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She says that teens she knows often meet online by contacting each other through Facebook and by commenting on each other’s Twitter feeds and Instagram photos. If that person “likes” you back, it’s time for a digital chat.Or they play around on Tinder, that popular matchmaking app that allows users to find potential matches based on their proximity to each other, a couple photos and their common interests. “If you want to talk to someone, but you’re too embarrassed to do it in real life, it’s easy to do it over the Internet instead of face to face,” she says.“Safety has to be first and foremost,” she wrote in a 2013 post.“Parents need to help their teens understand that all is not necessarily as it seems; they need to be extremely careful with what they share online.” Cover image courtesy of Flickr.But, really, what can we expect from a dating app that focuses on appearance?Another troubling aspect: Sometimes, these teen relationships take place entirely online—the couple might go out for months and then break up without ever actually meeting in person. How are we parents to know who our kids are connecting with online?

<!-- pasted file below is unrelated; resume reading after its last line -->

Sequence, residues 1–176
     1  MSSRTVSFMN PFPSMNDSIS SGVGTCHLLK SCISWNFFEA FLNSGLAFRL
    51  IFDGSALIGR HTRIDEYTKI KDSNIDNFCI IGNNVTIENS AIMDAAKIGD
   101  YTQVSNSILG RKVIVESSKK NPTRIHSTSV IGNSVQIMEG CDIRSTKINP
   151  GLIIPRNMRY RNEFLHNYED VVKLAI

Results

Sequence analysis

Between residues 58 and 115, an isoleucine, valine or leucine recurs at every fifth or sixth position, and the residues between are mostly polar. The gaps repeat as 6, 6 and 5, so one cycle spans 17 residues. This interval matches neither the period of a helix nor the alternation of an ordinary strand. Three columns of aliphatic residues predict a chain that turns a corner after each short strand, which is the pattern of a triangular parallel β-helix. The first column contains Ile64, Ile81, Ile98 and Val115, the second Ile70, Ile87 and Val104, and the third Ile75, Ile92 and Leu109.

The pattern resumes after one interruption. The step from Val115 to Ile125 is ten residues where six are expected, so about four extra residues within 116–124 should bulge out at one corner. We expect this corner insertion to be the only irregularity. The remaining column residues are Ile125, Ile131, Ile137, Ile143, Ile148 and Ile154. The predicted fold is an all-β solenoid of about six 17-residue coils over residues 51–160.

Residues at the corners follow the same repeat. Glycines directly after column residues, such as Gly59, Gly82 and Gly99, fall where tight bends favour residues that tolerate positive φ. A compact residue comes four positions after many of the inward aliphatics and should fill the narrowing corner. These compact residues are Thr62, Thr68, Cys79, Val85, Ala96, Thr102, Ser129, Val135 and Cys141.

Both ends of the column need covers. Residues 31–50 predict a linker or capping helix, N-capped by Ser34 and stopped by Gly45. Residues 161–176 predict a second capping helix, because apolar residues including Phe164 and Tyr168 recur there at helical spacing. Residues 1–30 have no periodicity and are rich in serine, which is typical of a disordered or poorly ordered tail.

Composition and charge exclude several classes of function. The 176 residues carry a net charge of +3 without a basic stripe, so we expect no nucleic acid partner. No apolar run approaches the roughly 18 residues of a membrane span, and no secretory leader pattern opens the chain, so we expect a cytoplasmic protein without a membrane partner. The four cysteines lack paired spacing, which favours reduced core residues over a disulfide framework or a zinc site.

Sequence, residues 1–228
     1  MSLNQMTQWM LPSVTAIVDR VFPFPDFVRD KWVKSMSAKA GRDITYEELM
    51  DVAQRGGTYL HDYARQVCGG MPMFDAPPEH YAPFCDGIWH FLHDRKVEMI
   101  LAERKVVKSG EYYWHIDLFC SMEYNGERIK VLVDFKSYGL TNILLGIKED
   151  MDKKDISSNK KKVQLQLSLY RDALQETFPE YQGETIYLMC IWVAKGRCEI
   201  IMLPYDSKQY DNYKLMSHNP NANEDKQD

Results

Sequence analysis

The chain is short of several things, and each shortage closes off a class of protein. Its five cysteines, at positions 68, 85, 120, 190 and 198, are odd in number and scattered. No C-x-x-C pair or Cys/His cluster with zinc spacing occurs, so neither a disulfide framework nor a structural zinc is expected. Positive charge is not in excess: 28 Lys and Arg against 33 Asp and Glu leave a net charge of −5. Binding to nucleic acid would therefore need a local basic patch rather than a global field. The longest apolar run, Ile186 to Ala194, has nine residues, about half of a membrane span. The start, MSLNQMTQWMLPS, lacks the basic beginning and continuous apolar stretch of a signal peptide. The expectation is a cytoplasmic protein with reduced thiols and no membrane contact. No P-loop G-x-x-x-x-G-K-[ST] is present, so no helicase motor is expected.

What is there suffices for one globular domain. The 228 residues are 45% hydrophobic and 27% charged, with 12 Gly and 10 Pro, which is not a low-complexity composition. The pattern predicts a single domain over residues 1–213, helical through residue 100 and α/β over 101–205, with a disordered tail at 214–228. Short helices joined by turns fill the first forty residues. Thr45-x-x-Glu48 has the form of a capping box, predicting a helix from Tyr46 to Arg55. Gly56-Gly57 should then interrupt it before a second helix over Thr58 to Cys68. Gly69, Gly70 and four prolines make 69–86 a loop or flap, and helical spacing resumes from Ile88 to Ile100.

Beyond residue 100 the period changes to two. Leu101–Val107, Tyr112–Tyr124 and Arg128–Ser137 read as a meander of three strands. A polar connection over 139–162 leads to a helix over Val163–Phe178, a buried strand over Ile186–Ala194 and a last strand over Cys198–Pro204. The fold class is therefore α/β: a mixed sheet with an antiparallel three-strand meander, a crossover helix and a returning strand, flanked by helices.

Teens are much more likely to connect with each other through some form of social media, whether it’s Twitter, Instagram or matchmaking apps such as Tinder and Hot Or Not.
Plus, there’s time to think about how to respond in the most perfect, witty way, which just doesn’t happen in that awkward moment when you’re trying to talk to a crush.
Still, my daughter says, talking and flirting online really isn’t the same as doing so in person.
Today’s teens are flirting in an entirely different landscape.
Sure, they are still flirting in hallways and movie theaters but they are also flirting over text message, social media, and apps specifically designed for flirting and dating.
One couple she knows chatted constantly on Facebook for more than two months—even though they saw each other every day at school—before the boy got up the nerve to ask out the girl.